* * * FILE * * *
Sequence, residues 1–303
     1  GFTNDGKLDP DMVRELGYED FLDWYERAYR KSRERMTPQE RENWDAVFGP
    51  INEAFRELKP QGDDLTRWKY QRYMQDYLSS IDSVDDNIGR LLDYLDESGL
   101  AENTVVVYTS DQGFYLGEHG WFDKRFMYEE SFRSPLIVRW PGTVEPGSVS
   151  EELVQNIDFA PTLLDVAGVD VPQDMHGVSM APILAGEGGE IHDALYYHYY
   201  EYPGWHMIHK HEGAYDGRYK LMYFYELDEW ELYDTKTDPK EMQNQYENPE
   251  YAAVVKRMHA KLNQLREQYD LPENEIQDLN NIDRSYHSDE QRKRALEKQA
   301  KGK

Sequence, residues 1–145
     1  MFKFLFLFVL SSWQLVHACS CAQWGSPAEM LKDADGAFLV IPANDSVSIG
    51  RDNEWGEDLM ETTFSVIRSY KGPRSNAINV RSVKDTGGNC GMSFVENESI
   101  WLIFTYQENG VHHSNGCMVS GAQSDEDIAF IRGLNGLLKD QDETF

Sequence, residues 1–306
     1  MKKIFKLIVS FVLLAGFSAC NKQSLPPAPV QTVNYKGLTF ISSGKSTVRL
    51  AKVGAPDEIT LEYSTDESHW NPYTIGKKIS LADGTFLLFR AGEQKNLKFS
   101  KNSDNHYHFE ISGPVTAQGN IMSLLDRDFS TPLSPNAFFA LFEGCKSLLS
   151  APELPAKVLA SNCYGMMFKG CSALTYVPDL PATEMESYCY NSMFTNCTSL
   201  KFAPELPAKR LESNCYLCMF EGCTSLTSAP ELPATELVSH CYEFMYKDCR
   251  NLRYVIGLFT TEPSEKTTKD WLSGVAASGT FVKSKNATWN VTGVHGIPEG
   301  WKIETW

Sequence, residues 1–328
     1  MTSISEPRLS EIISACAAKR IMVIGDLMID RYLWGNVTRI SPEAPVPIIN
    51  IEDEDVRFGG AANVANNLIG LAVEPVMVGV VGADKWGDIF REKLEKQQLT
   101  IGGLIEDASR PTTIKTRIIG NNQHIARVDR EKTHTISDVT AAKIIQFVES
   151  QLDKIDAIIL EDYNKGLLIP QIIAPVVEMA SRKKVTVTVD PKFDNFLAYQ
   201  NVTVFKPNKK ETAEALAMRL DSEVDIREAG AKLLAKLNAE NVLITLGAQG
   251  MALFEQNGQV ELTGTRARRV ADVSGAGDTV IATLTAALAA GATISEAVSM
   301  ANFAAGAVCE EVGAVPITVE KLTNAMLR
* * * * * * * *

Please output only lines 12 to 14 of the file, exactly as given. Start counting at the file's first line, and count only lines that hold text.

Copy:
   101  WLIFTYQENG VHHSNGCMVS GAQSDEDIAF IRGLNGLLKD QDETF

Sequence, residues 1–306
     1  MKKIFKLIVS FVLLAGFSAC NKQSLPPAPV QTVNYKGLTF ISSGKSTVRL